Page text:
Research Papers

Behavior Analysis of Controllable Electrorheology Fluid Plain Journal Bearings

[+] Author and Article Information
Yong-Bok Lee

Center for Urban Energy System Research,
Korea Institute of Science and Technology,
39-1, Hawolgok-dong, Sungbuk-gu,
Seoul 136-791, Korea
e-mail: lyb@kist.re.kr

Contributed by the Dynamic Systems Division of ASME for publication in the JOURNAL OF DYNAMIC SYSTEMS, MEASUREMENT, AND CONTROL. Manuscript received March 13, 2014; final manuscript received December 9, 2014; published online February 4, 2015. Assoc. Editor: Heikki Handroos.

J. Dyn. Sys., Meas., Control 137(6), 061013 (Jun 01, 2015) (8 pages) Paper No: DS-14-1116; doi: 10.1115/1.4029369 History: Received March 13, 2014; Revised December 09, 2014; Online February 04, 2015

Electrorheological (ER) lubricant is applied to a rigid rotor system supported by a hydrodynamic bearing that is subjected to a sudden imbalance and a dynamic periodic rotating load. The pressure of the ER film, which exhibits a Bingham flow, varies with the electrical field strength and depends on the yield shear stress and the thickness of the ER fluid film. The ER lubricant was found to offer a good load capacity relative to a Newtonian lubricant and its performance could be controlled to handle sudden dynamic loads. Increasing the magnitude of the electric field strength provides a greater load capacity within certain physical limitations and also reduces the magnitude of an unbalanced force due to unbalanced mass and vibration caused by vibration in the dynamically rotating load. These results could be applied to the control of a suddenly imbalanced system, such as one with rotor blades, or for reducing vibration in cyclic loading rotor systems, such as in internal combustion engines.

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Fig. 1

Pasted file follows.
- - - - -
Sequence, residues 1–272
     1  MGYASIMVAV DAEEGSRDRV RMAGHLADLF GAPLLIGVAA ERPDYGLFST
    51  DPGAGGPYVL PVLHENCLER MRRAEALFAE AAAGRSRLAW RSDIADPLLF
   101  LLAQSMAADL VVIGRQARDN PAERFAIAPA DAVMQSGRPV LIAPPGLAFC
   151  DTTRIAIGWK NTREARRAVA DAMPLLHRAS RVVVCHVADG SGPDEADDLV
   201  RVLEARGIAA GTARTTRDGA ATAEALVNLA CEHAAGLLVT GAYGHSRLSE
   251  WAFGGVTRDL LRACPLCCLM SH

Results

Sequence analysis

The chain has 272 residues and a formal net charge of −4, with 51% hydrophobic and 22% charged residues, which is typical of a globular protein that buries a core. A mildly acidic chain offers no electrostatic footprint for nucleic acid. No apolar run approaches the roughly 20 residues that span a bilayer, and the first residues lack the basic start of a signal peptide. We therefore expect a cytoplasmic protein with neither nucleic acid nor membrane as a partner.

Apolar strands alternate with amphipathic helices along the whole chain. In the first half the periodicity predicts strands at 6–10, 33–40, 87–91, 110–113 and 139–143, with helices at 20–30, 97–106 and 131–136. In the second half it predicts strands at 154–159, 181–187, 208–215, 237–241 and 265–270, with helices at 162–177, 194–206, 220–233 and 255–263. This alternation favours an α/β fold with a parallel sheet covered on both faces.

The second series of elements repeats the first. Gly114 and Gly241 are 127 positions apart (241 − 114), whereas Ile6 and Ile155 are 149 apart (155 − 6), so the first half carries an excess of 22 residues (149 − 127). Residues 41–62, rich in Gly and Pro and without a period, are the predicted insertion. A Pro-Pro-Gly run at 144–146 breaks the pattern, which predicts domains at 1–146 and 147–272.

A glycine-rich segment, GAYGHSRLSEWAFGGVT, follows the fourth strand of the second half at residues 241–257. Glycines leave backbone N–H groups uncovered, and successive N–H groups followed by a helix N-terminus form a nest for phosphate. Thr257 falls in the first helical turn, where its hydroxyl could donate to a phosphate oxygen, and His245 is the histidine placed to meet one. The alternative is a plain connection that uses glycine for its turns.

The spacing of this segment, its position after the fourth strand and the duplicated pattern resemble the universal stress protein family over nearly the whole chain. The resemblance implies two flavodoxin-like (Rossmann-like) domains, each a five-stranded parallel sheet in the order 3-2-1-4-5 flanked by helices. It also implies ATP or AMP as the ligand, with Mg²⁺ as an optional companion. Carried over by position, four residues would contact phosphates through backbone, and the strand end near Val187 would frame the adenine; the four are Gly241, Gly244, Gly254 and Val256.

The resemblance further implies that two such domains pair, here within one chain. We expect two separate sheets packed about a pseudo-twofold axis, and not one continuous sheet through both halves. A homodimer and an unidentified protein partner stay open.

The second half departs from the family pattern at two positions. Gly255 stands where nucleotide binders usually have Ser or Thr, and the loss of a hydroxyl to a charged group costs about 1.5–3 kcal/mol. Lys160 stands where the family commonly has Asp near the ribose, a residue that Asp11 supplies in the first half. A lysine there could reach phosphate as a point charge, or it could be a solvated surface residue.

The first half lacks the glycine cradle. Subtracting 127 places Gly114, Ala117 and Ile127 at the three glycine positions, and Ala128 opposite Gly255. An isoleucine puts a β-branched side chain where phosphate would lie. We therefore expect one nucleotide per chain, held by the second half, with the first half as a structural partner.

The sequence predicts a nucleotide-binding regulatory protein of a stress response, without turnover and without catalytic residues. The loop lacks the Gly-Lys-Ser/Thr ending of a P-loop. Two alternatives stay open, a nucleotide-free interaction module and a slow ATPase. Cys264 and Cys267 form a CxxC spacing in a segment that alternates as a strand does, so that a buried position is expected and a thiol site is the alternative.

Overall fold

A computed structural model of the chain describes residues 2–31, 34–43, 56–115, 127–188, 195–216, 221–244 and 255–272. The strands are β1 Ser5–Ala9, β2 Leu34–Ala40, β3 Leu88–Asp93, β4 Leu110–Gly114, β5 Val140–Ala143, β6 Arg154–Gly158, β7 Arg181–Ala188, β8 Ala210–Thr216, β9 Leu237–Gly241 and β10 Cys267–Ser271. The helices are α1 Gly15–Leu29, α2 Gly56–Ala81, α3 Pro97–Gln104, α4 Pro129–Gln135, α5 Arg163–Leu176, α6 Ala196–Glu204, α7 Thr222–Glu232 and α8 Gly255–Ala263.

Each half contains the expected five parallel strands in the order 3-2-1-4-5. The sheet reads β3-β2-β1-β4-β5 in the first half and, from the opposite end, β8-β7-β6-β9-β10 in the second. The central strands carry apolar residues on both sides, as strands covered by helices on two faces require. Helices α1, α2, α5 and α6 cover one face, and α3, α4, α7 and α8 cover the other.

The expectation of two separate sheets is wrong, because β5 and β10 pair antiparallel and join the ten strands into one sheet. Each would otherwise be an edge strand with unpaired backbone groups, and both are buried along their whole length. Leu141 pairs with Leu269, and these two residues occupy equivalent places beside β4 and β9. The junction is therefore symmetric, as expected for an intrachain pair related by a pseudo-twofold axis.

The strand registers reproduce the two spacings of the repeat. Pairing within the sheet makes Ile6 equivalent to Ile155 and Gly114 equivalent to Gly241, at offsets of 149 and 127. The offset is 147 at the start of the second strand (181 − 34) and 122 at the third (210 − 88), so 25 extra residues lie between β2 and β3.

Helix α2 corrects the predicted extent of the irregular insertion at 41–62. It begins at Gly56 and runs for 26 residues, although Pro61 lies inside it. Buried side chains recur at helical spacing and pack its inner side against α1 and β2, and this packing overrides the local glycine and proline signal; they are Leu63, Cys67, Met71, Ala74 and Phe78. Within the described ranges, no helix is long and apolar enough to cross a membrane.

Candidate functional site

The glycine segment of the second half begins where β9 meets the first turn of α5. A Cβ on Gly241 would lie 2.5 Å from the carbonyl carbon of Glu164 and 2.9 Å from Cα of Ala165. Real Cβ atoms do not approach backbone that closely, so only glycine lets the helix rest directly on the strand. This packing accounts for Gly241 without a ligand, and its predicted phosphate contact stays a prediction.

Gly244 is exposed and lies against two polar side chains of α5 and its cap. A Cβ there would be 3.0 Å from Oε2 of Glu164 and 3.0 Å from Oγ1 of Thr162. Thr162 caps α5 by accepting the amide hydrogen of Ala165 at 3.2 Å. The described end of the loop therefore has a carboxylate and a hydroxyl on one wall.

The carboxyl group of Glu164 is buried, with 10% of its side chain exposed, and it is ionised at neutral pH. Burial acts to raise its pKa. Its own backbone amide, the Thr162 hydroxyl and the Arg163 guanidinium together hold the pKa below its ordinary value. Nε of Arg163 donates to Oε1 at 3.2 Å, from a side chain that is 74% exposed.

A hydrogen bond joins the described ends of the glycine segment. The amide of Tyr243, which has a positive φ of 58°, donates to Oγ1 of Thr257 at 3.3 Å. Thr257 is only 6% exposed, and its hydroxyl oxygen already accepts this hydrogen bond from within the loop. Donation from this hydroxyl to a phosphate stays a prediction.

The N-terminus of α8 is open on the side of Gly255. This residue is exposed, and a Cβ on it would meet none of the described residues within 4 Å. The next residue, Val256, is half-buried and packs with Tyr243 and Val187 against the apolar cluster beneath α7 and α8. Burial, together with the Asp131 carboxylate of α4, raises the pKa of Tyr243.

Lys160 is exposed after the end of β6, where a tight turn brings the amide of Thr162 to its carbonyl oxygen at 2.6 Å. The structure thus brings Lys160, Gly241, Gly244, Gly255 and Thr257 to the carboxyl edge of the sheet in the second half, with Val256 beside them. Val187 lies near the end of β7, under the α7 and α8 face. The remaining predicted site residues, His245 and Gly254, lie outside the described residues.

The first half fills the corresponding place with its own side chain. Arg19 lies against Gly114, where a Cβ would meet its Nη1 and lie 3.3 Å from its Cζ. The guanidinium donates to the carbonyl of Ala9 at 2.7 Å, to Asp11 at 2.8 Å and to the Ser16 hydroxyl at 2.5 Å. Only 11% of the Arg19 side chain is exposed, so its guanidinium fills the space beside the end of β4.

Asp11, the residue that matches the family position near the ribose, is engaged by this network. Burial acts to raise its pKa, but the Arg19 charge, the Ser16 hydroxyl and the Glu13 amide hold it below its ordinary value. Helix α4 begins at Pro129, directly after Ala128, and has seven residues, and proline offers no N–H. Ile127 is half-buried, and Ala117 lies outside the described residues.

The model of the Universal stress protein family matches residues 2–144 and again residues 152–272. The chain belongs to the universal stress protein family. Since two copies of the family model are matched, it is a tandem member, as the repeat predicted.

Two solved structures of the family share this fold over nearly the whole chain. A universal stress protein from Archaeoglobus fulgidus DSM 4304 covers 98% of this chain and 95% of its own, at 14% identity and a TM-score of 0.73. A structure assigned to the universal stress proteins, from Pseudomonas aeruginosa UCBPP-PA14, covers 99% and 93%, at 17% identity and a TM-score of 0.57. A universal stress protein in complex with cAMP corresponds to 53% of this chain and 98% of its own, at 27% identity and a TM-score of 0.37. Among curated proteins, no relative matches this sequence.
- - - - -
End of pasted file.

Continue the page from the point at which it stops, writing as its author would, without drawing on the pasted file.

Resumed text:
Concept of journal and bearing

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Fig. 2

Geometry of plain journal bearing

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Fig. 3

Flowchart of the hydrodynamic bearing submerged ER fluid

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Fig. 4

Pressure distribution of Newtonian lubricant

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Fig. 5

Pressure distribution of ER lubricant (4.0 kV/mm)

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Fig. 6

Modified Sommerfeld number versus eccentricity for Newtonian lubricant and ER lubricants subjected to electric field strength 2.4 kV/mm and 4.0 kV/mm

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Fig. 7

Comparison of friction torque for Newtonian lubricant and ER lubricants

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Fig. 8

Comparison of transient motion to the static equilibrium for Newtonian lubricant bearing and ER lubricant bearings (2.4 kV/mm,4.0 kV/mm)

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Fig. 9

Comparison of the transient orbits for Newtonian lubricant and ER lubricants subjected variable clearance (C = 63.5 μm,127 μm,254 μm) at 4.0 kV/mm

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Fig. 10

Comparison of the transient orbits for Newtonian lubricant and ER lubricants subjected small unbalance case (eμ = 25 μm)

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Fig. 11

Comparison of the transient orbits for Newtonian lubricant and ER lubricants subjected large unbalance case (eμ = 50 μm)

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Fig. 12

Comparison of the transient orbits for Newtonian lubricant and ER lubricants subjected backward half-frequency with cyclic rotating load (100 N)




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